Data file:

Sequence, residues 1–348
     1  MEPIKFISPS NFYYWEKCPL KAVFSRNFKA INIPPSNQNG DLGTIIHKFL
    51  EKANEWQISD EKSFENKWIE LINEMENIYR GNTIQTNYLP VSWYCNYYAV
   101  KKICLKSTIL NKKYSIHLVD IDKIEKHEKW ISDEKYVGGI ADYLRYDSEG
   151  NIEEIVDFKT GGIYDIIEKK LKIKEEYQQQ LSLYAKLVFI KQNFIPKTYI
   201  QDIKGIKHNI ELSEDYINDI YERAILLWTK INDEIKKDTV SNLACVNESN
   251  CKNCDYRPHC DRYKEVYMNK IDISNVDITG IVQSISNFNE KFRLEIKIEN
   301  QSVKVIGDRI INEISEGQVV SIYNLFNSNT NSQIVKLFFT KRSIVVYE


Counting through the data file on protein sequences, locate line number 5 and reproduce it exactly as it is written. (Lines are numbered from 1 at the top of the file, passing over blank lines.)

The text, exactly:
   151  NIEEIVDFKT GGIYDIIEKK LKIKEEYQQQ LSLYAKLVFI KQNFIPKTYI